“Ping-pong diplomacy” had a positive impact on the U.S.-China relationship in the early 1970s. The exchange of players helped pave the way for President Richard Nixon’s 1972 visit to Beijing.
            Wrestling in particular is one of the best sports to provide the opportunity for collaboration. The upcoming exchanges in Los Angeles and New York will feature some intense matchups. But the events are solely about raising wrestling’s profile. The U.S. and Iranian teams want to make a strong case for keeping wrestling in the Olympics.
 
How do the two teams compare?
      Iran, Russia and the United States have the top three teams in freestyle wrestling. Iran’s team won six medals at the 2012 Olympics, including three golds. Iran has won 38 medals in wrestling since 1948.
      In the 2012 games, the U.S. team took four medals, including two golds. The United States has won 129 medals in wrestling since 1904.
      Iran won the freestyle World Cup in February 2013. Russia took second place, followed by the United States.
 
How do U.S. and Iranian wrestling styles differ?
            Neither team has a particular style. The great thing about wrestling is that no technique necessarily works better than another. The athletes use a diverse range of styles and skill sets. There are similarities on both sides of the mat. Some wrestlers tend to be very technical, while others focus on their power.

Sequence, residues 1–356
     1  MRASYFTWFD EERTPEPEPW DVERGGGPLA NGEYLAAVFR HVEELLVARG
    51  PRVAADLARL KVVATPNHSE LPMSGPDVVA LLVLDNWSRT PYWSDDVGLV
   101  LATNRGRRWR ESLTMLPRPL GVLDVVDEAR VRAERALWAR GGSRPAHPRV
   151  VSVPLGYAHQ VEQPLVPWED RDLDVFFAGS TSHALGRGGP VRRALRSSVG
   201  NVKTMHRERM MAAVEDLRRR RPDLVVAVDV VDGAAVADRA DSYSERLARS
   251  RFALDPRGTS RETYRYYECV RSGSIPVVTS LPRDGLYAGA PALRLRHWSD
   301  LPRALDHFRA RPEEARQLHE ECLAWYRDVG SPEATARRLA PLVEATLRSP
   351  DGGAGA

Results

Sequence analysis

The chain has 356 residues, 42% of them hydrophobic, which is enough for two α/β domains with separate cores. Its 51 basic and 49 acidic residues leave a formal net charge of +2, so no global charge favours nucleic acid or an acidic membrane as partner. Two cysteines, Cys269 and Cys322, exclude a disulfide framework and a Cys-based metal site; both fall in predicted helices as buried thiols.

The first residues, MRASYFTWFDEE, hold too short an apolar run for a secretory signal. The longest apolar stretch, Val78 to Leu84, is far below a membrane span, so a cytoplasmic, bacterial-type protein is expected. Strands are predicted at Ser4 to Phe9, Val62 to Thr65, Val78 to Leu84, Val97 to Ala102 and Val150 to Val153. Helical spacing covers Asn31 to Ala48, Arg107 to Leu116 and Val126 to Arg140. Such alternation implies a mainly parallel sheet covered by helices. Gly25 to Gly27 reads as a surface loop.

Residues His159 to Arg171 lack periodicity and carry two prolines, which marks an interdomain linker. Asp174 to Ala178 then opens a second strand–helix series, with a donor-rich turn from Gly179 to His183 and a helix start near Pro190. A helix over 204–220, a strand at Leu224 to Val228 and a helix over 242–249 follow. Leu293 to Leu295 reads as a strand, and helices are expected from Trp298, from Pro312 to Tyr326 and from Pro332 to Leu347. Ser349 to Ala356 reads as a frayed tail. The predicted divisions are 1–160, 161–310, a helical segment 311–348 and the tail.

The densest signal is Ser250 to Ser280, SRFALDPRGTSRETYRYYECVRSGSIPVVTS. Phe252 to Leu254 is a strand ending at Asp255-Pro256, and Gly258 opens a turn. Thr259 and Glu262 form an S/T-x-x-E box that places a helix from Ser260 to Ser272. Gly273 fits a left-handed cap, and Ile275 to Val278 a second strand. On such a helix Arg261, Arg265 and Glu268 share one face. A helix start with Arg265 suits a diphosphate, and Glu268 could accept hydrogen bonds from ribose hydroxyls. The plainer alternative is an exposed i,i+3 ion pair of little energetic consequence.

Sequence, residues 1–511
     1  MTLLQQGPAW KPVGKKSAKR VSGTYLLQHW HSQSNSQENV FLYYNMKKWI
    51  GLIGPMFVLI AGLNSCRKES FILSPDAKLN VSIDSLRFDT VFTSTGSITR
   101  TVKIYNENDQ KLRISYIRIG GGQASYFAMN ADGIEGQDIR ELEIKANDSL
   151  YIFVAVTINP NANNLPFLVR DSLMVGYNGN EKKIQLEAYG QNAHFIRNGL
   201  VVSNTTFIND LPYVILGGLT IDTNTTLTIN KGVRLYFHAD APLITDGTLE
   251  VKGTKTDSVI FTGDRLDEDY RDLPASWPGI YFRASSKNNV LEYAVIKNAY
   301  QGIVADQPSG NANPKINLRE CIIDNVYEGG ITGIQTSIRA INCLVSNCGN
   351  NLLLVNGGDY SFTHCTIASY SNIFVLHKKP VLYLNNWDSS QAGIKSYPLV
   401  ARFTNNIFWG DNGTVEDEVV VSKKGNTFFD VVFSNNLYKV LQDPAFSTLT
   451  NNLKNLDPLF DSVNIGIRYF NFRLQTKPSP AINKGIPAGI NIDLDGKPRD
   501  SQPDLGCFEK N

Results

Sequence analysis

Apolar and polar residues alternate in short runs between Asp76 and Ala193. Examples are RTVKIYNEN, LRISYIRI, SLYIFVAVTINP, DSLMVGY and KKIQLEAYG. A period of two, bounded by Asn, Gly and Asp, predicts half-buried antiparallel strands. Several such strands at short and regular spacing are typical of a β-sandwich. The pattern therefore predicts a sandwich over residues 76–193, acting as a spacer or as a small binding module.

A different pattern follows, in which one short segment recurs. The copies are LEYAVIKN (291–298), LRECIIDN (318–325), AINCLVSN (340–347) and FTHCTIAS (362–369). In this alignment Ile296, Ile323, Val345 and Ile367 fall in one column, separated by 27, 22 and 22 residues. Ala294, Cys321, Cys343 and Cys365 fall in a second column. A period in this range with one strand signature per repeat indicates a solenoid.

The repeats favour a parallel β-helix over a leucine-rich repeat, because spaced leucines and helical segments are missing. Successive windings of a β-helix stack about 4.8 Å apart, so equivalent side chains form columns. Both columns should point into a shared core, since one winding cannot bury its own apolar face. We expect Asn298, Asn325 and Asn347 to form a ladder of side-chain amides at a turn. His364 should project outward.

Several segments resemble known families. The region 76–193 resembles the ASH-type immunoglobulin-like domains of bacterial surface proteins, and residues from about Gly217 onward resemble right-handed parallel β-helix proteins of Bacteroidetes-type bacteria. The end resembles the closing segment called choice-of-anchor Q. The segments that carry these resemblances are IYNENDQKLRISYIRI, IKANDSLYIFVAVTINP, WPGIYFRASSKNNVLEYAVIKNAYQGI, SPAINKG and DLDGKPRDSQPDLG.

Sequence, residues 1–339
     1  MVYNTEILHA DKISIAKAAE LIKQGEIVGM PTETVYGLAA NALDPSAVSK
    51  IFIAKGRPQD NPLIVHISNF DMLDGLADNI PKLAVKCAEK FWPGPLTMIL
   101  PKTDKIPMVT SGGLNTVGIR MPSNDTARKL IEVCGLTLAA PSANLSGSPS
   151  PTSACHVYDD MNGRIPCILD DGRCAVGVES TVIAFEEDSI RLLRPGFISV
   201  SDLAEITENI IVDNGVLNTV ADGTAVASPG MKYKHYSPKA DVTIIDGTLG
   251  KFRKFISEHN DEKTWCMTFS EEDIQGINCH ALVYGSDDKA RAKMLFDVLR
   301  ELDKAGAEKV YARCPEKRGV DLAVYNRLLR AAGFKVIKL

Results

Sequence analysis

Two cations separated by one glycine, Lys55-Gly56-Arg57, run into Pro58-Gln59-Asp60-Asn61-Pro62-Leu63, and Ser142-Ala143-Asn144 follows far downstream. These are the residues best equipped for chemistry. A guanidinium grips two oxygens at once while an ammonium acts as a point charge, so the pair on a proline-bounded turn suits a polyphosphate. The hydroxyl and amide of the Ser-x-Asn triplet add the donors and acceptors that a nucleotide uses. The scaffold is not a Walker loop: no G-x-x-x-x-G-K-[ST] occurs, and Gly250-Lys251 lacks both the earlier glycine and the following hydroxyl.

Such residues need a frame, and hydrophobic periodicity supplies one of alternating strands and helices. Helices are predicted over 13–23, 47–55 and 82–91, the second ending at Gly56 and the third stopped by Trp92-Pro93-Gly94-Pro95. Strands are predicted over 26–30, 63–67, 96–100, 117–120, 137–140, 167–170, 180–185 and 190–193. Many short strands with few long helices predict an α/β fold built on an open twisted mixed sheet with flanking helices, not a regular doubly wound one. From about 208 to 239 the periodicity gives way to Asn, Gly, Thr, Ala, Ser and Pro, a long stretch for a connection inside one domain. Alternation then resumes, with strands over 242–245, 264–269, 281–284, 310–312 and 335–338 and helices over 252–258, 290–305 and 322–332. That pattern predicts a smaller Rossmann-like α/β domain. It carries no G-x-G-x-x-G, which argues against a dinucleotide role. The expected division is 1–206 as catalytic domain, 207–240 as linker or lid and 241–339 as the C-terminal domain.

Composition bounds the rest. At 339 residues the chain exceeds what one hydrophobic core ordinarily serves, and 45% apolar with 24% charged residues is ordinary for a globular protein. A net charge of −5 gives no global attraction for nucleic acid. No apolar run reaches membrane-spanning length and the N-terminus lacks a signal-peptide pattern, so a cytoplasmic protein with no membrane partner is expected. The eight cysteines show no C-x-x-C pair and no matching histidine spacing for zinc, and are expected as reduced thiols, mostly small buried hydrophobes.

How often do the teams compete? How do the athletes and coaches get along?  
            We meet just about every year at the World Championships, sometimes at World Cups and some other competitions. The United States regularly attends Iran’s annual Takhti Cup. The teams have a mutual respect for each other’s skills.
            The head coaches of the two teams, Zeke Jones and Gholamreza Mohammadi, actually wrestled against each other in the early 1990s. So the rivalry between the two teams has some history.
            The current rivalry dates from the finals of the 2012 Olympics. Jordan Burroughs beat Iran’s Sadegh Goudarzi for the gold medal in the 74 kilo weight class.